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Wales are one win away from a Grand Slam after hammering Italy

Wayne Pivac’s men made it four from four ahead of next weekend’s visit to France.

Italy 7

Wales 48

WHO WOULD HAVE thought it? Wales boss Wayne Pivac came into this Six Nations well aware of the whispers about his future in the role after a miserable 2020.

Now his team are one win away from a Grand Slam, even if the last hurdle looks very high. France in Paris next Saturday will be a tough final task, particularly given that les Bleus will still be chasing the title regardless of their result against England this evening.

josh-adams-scores-a-try-despite-mattia-bellini Josh Adams scores Wales' first try. Source: Matteo Ciambelli/INPHO

If it all comes down to points difference, Wales improved their standing with this 41-point winning margin over the Italians.

Pivac will acknowledge that Wales have been the beneficiaries of luck along the way – red cards for Ireland and Scotland, refereeing error against England – but winning teams are always favoured by fortune and Wales have taken their chances when presented with them.

They were clinical today in Rome as hooker Ken Owens scored a brace and Josh Adams, Taulupe Faletau, George North, Callum Sheedy, and 20-year-old wing Louis Rees-Zammit all dotted down too. 

Wales deserve credit for their accuracy, but it was all too easy against another poor Italian performance in which their defence was porous once again.

While questions will be asked about Italy’s place in the Six Nations in the wake of this latest heavy defeat, but the reality is that the CVC deal has only strengthened their status in the championship. Italy will receive the smallest share of the €426 million CVC are paying over the next five years, but we must hope they invest their chunk more wisely than anyone else. 

taulupe-faletau-celebrates-after-scoring-a-try-with-josh-navidi Wales celebrate Taulupe Faletau's score. Source: Matteo Ciambelli/INPHO

There are talented young players in Franco Smith’s squad but the gap appears only to be widening as the leading nations improve.

Italy were dire from the off, captain Luca Bigi giving up an early penalty for going off his feet at the breakdown to allow Dan Biggar to kick Wales 3-0 ahead before Bigi was sin-binned for an offside tackle on Gareth Davies when the scrum-half quick-tapped a penalty.

Wales scored straight off the ensuing scrum as Biggar’s skip pass allowed Adams to finish in the left corner.

Pivac’s men were soon over in the right corner through number eight Faletau, meaning the Welsh grabbed 12 points while Bigi was in the sin bin. 

His return made little difference as the Welsh wrapped up their bonus point on the half-hour mark, hooker Owens first scoring directly from a maul and then scrambling over for his second try after another maul had come to ground a few metres short.

paolo-garbisi-competes-in-the-air-with-dan-biggar-and-josh-adams Dan Biggar wins an aerial contest for Wales. Source: Matteo Ciambelli/INPHO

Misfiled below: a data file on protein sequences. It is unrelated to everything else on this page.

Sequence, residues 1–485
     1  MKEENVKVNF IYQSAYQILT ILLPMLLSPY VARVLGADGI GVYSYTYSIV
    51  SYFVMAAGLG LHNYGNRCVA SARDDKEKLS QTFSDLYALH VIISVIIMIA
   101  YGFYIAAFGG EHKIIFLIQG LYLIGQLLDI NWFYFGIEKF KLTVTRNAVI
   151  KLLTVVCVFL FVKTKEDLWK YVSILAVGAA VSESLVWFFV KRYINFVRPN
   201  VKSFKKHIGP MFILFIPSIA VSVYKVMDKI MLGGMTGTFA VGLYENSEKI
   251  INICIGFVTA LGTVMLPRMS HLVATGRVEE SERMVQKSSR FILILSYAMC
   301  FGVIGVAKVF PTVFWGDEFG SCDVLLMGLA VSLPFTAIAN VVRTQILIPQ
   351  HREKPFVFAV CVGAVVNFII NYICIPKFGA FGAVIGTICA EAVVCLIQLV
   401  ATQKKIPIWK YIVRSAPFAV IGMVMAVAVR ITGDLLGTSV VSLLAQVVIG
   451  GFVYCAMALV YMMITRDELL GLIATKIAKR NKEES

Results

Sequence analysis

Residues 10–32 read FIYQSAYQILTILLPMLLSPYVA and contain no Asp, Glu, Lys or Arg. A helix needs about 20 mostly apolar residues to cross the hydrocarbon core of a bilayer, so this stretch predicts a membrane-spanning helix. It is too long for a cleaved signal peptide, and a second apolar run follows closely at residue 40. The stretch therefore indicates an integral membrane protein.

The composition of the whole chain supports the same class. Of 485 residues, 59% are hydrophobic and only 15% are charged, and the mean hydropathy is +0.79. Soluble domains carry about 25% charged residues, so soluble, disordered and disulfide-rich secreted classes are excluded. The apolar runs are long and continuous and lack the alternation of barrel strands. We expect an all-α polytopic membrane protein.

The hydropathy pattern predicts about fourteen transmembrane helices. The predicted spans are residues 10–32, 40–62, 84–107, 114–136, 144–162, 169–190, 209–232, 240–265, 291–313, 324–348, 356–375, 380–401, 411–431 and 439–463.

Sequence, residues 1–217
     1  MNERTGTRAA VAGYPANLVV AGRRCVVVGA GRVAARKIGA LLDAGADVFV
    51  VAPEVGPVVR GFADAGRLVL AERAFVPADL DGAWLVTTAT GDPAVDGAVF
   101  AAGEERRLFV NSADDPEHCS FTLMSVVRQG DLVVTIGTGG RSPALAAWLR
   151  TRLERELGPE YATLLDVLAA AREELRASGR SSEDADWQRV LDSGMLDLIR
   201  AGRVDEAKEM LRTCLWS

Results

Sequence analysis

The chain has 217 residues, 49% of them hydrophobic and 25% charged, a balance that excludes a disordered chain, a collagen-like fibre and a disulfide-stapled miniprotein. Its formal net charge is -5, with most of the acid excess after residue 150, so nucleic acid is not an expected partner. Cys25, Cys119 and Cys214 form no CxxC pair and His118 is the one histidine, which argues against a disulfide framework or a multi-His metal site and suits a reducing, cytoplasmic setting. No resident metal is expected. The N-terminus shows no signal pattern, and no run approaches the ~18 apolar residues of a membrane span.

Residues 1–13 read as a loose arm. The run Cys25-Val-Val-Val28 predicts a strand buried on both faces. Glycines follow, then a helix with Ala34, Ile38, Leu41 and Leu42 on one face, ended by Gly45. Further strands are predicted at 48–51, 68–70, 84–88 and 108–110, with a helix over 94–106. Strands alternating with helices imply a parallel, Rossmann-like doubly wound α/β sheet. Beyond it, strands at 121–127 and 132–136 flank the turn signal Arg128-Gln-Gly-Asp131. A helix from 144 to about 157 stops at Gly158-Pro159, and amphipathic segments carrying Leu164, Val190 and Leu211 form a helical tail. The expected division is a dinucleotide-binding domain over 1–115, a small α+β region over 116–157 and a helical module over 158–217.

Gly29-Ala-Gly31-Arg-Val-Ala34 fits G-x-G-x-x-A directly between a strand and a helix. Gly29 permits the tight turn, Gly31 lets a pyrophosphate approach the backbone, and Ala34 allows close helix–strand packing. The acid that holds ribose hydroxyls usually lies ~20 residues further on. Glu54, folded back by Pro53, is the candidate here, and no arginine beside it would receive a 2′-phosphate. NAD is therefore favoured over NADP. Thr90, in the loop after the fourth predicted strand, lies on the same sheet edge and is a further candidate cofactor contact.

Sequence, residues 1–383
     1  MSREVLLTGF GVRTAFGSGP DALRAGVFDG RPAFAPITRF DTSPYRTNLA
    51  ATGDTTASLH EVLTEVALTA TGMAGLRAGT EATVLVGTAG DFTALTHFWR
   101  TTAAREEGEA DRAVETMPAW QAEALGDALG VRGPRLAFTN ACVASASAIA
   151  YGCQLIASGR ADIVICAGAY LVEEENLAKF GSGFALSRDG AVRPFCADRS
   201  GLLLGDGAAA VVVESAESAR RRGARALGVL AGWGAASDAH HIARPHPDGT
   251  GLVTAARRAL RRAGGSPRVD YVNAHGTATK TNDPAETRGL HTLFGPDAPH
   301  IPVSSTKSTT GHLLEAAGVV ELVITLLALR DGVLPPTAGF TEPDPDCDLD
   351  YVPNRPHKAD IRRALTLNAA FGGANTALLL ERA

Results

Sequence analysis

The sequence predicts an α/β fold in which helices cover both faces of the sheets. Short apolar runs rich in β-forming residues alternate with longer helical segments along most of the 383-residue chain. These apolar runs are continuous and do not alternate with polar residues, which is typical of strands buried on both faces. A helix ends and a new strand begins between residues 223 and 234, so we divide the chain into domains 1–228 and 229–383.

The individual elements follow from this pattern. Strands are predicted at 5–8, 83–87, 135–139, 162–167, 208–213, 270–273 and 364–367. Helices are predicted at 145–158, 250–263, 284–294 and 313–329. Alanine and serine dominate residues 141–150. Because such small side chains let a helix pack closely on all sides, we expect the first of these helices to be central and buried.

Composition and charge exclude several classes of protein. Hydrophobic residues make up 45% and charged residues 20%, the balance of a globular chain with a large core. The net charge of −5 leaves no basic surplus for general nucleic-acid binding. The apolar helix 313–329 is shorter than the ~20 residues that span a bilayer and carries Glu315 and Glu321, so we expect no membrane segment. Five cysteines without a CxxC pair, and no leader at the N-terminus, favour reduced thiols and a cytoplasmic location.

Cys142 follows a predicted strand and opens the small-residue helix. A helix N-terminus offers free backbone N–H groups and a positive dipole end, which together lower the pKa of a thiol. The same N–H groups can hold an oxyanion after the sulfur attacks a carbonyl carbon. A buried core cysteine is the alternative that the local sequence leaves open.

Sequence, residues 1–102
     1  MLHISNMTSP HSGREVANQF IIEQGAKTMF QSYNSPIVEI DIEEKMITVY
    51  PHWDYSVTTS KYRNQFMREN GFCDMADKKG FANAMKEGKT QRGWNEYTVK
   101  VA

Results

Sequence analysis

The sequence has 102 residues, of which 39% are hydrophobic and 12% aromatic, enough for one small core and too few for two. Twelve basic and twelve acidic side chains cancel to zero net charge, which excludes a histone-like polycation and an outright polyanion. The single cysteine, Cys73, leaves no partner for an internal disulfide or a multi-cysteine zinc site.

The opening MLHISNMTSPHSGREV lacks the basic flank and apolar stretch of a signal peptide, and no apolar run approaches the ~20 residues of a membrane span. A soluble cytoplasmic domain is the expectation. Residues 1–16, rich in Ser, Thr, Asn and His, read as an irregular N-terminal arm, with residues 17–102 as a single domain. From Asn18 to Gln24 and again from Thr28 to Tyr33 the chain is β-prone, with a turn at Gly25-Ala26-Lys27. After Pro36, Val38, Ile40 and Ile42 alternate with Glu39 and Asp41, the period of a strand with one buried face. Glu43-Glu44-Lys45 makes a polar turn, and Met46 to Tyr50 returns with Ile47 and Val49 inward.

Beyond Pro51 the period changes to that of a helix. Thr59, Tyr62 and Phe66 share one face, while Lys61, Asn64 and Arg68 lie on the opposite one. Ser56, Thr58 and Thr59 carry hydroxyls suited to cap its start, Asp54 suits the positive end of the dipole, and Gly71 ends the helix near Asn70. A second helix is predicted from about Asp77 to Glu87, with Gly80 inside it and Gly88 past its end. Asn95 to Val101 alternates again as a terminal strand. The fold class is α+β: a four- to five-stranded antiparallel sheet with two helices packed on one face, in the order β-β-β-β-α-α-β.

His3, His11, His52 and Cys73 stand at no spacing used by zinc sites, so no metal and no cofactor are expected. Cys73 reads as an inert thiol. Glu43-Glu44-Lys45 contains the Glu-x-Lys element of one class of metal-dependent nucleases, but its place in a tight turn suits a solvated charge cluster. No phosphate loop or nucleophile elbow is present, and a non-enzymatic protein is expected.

Rees-Zammit had a possible score chalked off when the TMO review showed Biggar’s last pass had been forward, but Wales still led 27-0 at half time.

They had their fifth score within two minutes of the restart as they struck from a scrum and Jonathan Davies offloaded for centre partner North to race in underneath the posts from 35 metres out.  

The Italians finally fired a shot with half an hour remaining, left wing Monty Ioane producing an excellent try on penalty advantage as he chipped over the head of Rees-Zammit down the narrow shortside and beat fullback Liam Williams to the bouncing ball to dot down, with Paolo Garbisi converting. 

Adams should have had his second soon after but managed to get his own right arm underneath the ball to prevent the grounding after some slick handling in midfield.

Italy lost another player to the sin bin in the 57th minute when replacement prop Marco Riccioni led with the elbow into Willis Halaholo’s tackle, and Wales again took advantage.

ken-owens-scores-a-second-try Ken Owens scores for Wales. Source: Matteo Ciambelli/INPHO

First, replacement out-half Callum Sheedy scooted over from player of the match Josh Navidi’s fluid link pass five metres out from the Italian tryline, then Rees-Zammit intercepted an Italy pass in his own 22 and showed his pace to race clear. 

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Italy scorers:

Tries: Monty Ioane 

Conversions: Paolo Garbisi [1 from 1]

Wales scorers:

Tries: Josh Adams, Taulupe Faletau, Ken Owens [2], George North, Callum Sheedy, Louis Rees-Zammit

Conversions: Dan Biggar [3 from 5], Callum Sheedy [2 from 2]

Penalties: Dan Biggar [1 from 1]

ITALY: Jacopo Trulla (Edoardo Padovani ’43); Mattia Bellini, Juan Ignacio Brex, Carlo Canna, Monty Ioane (Oliviero Fabiani ’7 to ’17, Zilocchi ’66 to ’68); Paolo Garbisi (Federico Mori ’54), Stephen Varney (Marcello Violi ’63); Danilo Fischetti (Andrea Lovotti ’65), Luca Bigi (captain) (yellow card ’7),  Giosue Zilocchi (Marco Riccioni ’33); Niccola Cannone (Marco Lazzaroni ’51 – reversal ’63), David Sisi; Sebastian Negri, Johan Meyer (HIA – Maxime Mbanda ’25 to ’35), Michele Lamaro.

WALES: Liam Williams; Louis Rees-Zammit, George North (Willis Halaholo ’46), Jonathan Davies, Josh Adams; Dan Biggar (Callum Sheedy ’52), Gareth Davies (Lloyd Williams ’52); Wyn Jones (Rhys Carré ’57), Ken Owens (Elliot Dee), Tomas Francis (Leon Brown ’44); Cory Hill, Alun Wyn Jones (captain) (Jake Ball ’54); Josh Navidi, Justin Tipuric, Taulupe Faletau (Aaron Wainwright ’54).

Referee: Wayne Barnes [RFU].

About the author:

Murray Kinsella

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